The 370,000-square-foot (34,375-square-meter) building ties into the Minneapolis sprawling network of skyways from the inside out. The office floors contain day-lit workspaces and enclosed offices, as well as a top-floor conference space, café and terrace. Ten city departments and 1,200 employees are brought together in one building. In a government building requiring high security, the design was made to feel open and airy.
Designed by VJAA Inc., Minneapolis, MN, United States
The Walker library was designed to replace an outmoded subterranean facility, reestablishing the street façade that gives Hennepin Avenue its distinctive character and scale. Located adjacent to the Midtown Greenway bike trail and built on the foundations of the previous structure, the new library is positioned at a nexus of multi-modal transportation networks. As VJAA explains, the new stainless steel and glass clad building was designed as a simple figural mass consistent with the iconography of civic buildings.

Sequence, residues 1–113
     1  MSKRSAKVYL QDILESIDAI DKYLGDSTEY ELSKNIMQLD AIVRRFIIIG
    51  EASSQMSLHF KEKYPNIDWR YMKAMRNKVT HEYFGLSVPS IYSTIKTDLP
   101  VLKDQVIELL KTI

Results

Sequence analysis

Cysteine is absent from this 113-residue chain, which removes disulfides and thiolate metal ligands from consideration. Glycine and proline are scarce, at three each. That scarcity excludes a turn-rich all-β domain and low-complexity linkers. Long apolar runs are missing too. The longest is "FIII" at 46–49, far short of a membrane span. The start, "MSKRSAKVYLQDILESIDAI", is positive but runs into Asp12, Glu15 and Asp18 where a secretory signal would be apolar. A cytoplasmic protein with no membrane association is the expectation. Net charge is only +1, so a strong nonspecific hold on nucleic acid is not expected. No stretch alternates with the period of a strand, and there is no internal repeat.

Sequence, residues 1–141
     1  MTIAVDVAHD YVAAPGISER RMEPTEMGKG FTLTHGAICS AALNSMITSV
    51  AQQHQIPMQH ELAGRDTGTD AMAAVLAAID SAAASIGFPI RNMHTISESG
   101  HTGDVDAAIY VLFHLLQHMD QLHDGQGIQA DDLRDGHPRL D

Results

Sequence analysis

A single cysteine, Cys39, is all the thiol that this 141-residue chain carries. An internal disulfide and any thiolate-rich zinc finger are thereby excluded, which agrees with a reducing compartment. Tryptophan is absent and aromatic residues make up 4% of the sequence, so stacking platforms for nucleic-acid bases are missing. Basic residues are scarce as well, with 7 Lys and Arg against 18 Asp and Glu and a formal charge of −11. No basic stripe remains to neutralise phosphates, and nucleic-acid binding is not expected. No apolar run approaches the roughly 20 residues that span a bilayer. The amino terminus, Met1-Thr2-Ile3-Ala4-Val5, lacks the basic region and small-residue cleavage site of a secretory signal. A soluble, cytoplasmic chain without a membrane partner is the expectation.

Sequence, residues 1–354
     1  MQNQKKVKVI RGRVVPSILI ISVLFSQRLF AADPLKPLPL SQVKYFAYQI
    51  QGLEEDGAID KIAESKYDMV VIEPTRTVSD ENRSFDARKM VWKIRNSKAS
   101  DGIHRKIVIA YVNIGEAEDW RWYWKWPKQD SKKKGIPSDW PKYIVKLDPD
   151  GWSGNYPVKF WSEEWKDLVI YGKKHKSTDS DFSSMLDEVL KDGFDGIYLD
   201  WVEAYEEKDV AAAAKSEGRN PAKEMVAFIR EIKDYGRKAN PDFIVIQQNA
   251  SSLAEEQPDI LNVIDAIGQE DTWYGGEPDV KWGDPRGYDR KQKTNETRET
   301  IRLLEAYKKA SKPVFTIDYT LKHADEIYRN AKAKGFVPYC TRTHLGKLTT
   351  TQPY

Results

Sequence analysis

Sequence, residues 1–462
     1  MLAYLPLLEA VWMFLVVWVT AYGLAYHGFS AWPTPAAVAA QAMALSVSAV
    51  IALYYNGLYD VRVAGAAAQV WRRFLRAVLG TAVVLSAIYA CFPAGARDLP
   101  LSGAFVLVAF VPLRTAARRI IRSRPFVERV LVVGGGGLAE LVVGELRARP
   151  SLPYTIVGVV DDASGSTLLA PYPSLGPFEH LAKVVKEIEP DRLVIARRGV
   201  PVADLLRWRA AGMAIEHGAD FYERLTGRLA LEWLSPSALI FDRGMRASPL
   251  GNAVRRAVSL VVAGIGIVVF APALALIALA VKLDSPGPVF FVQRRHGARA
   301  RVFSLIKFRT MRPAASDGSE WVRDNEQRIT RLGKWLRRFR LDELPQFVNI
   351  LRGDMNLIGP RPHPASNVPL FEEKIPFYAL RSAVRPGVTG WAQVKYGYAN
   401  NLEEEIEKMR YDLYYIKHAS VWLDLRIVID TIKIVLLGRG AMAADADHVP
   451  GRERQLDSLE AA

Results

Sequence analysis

The form was made to echo the typical low-rise façades with one or two story masses hovering over extensive street level glass. Since the library nearly fills the site, the façades are sculpted to respond to the surrounding context. The upper portion of the east façade is folded to inflect toward the marquee of the iconic 1930’s Uptown Theater. The glass wall of the library is angled back from the street on the southeast corner to widen the sidewalk and acknowledge the constant flow of pedestrians, bicycles, and automobiles.
Designed by Snow Kreilich Architects, Saint Paul, MN, United States
CHS Field creates a culmination to Downtown Saint Paul’s 5th Street to the ballpark. With just 7,000 seats, the ballpark is conceived first as a park, a green space in the city and not a building. Entering off Broadway, at street level, the concourse becomes a 360 degree walkway allowing patrons to navigate around the entire field. Concourse amenities are pushed back into the hillside while the seating bowl and playing field are depressed into the natural topography of the site. It was designed to be the greenest ballpark in America.